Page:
Pain, Pleasure and Perversity: Discourses of Suffering in Seventeenth-Century England
Routledge, 2016/05/13 - 296 ページ
Luther’s 95 Theses begin and end with the concept of suffering, and the question of why a benevolent God allows his creations to suffer remains one of the central issues of religious thought. In order to chart the processes by which religious discourse relating to pain and suffering became marginalized during the period from the Renaissance to the end of the seventeenth century, this book examines a number of works on the subject translated into English from (mainly) Spanish and Italian. Through such an investigation, it is possible to see how the translators and editors of such works demonstrate, in their prefaces and comments as well as in their fidelity or otherwise to the original text, an awareness that attitudes in England are different from those in Catholic countries. Furthermore, by comparing these translations with the discourse of native English writers of the period, a number of conclusions can be drawn regarding the ways in which Protestant England moved away from pre-Reformation attitudes of suffering and evolved separately from the Catholic culture which continued to hold sway in the south of Europe. The central conclusion is that once the theological justifications for undergoing, inflicting, or witnessing pain and suffering have been removed, discourses of pain largely cease to have a legitimate context and any kind of fascination with pain comes to seem perverse, if not perverted. The author observes an increasing sense of discomfort throughout the seventeenth century with texts which betray such fascination. Combining elements of theology, literature and history, this book provides a fascinating perspective on one of the key conundrums of early modern religious history.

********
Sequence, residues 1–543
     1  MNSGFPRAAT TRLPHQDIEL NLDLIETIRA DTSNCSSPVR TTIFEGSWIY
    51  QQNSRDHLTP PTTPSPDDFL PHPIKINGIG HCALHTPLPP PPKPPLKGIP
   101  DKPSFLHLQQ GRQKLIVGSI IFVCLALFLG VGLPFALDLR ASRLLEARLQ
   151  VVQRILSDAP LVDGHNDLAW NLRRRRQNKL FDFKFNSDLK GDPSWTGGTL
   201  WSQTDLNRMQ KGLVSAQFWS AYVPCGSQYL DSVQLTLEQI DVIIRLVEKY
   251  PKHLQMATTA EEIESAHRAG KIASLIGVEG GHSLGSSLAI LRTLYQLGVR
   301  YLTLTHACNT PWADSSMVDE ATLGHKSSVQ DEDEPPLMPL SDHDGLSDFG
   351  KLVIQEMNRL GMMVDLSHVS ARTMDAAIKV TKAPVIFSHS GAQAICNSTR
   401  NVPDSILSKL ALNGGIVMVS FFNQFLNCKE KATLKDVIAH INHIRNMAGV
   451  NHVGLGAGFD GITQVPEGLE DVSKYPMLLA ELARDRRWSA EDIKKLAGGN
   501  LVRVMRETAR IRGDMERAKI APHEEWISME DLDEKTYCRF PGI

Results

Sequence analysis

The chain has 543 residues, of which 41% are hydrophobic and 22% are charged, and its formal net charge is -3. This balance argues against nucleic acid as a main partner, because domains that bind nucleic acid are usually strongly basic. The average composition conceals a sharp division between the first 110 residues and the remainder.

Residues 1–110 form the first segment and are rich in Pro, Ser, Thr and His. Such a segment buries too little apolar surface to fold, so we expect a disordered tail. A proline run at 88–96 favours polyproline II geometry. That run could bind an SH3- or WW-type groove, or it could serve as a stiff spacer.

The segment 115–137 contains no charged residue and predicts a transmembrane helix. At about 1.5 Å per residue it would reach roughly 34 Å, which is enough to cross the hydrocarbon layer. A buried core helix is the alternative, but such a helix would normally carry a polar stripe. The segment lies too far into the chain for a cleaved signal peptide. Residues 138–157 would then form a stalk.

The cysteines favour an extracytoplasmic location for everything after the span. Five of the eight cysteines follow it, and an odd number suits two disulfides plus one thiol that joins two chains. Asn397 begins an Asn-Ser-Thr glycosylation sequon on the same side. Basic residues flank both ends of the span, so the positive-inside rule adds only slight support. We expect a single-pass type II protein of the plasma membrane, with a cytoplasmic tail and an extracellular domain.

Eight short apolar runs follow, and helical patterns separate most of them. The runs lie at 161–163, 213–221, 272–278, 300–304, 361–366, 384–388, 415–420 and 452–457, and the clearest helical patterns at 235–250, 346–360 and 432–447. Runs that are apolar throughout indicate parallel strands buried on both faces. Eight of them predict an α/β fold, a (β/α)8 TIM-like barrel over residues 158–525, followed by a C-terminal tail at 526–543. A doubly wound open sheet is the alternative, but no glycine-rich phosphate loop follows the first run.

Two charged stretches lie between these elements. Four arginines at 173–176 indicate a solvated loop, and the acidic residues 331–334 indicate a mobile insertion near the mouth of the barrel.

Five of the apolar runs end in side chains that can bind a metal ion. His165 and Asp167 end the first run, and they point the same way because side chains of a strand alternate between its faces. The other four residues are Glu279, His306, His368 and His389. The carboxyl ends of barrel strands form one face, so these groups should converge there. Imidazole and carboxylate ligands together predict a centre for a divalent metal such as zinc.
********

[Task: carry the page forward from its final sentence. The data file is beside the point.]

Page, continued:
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affliction Agnes antiCatholic art of suffering biographies body Bouhours Butler’s Cambridge Chapter Chorier’s Christ Christian Church compassion context cruelty Culture death Don Quixote early modern edition Edward English Epicurus erotic example female flagellation flesh Foxe’s Francis French Gender God’s Gracián Gretser haue History Holy Hudibras Ibid Ignatius of Loyola Jerome John Bunyan Lady Latin Limena Literature lives London Lord lust male man’s Martyrs masochism masochistic Meibom mercy miracles moral mortification naked narrative nature one’s Oxford pain Pazzi Pedro de Ribadeneira penances Perissus persecution perverse Pico pleasant spectacle pleasure polemic Protestant Prynne Puccini punishment puritan rape reader rejoice Religion religious Ribadeneira Richard roman for italics SacherMasoch Saint Omer Samuel says Seneca Sermons seventeenth century sexual flagellation Society of Jesus Soul Spanish Stillingfleet Stoic Thomas torment torture trans translation Treatise University Press Urania Venus im Pelz Virgin Vita vnto vpon whipping William William Prynne woman women